“Of course we must, Mr Scruby; but, Lord love you, Mr Vavasor, whose fault was it? What notice did I get — just tell me that? Why, Travers’s name was up on the Liberal interest ever so long before the governor had ever thought about it.”
“Nobody is blaming you, Mr Grimes,” said George.
“And nobody can’t, Mr Vavasor. I done my work true as steel, and there ain’t another man about the place as could have done half as much. You ask Mr Scruby else. Mr Scruby knows, if ere a man in London does. I tell you what it is, Mr Vavasor, them Chelsea fellows, who lives mostly down by the river, ain’t like your Maryboners or Finsburyites. It wants something of a man to manage them. Don’t it, Mr Scruby?”
“It wants something of a man to manage any of them as far as my experience goes,” said Mr Scruby.
“Of course it do; and there ain’t no one in London knows so much about it as you do, Mr Scruby. I will say that for you. But the long and the short of it is this — business is business, and money is money.”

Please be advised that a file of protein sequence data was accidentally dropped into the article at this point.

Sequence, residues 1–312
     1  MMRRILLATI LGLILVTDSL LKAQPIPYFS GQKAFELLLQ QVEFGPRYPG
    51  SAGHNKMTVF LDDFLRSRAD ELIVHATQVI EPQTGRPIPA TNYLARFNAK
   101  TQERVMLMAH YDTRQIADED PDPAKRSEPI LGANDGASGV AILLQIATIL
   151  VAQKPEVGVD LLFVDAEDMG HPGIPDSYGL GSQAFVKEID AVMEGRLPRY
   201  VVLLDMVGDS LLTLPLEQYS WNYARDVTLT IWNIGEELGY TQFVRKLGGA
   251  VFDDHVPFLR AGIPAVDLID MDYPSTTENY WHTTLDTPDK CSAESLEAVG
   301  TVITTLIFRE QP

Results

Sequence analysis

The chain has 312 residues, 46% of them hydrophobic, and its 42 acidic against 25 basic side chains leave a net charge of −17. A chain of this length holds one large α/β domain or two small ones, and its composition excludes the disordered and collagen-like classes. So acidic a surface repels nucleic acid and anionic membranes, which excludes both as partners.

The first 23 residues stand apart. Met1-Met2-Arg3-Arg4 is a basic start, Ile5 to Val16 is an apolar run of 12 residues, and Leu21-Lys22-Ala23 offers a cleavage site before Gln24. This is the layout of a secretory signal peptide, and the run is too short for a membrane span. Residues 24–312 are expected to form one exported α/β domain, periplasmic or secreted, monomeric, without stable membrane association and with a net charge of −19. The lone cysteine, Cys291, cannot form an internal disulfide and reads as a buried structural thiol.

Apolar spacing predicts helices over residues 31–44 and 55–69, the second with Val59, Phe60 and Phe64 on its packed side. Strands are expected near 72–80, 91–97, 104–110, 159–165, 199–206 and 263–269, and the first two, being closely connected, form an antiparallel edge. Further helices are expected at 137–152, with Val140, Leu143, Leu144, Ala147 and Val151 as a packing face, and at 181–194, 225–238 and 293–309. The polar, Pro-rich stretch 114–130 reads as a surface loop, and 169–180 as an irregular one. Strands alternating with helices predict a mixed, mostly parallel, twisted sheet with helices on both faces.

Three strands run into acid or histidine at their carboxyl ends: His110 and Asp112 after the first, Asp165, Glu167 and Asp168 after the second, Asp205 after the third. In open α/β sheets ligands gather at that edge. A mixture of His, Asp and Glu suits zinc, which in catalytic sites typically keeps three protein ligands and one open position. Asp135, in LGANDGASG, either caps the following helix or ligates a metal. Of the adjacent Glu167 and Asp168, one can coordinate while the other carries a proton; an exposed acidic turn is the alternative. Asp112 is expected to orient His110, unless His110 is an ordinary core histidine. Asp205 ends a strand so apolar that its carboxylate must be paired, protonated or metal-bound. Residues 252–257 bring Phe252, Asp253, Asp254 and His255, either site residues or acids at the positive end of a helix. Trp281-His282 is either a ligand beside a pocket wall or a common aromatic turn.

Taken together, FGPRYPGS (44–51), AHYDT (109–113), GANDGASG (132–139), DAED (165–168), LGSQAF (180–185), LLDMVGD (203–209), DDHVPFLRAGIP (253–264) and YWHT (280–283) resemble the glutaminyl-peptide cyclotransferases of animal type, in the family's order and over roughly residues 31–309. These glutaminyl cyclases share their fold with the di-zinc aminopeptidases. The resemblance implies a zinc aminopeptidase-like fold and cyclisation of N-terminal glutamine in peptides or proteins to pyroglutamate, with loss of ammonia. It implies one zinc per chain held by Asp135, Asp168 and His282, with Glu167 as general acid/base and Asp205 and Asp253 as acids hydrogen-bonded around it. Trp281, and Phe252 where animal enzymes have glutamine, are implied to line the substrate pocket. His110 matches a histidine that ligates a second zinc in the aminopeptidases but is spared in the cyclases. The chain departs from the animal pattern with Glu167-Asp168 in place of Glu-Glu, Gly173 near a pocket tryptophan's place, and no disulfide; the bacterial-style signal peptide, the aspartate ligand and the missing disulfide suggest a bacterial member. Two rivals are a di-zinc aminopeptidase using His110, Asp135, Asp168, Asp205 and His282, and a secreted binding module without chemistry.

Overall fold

“Money is money, certainly,” said Mr Scruby. “There’s no doubt in the world about that, Grimes — and a deal of it you had out of the last election.”
“No, I hadn’t; begging your pardon, Mr Scruby, for making so free. What I had to my own cheek wasn’t nothing to speak of. I wasn’t paid for my time; that’s what I wasn’t. You look how a publican’s business gets cut up at them elections — and then the state of the house afterwards! What would the governor say to me if I was to put down painting inside and out in my little bill?”
“It doesn’t seem to make much difference how you put it down,” said Vavasor. “The total is what I look at.”
“Just so, Mr Vavasor; just so. The total is what I looks at too. And I has to look at it a deuced long time before I gets it. I ain’t a got it yet; have I, Mr Vavasor?”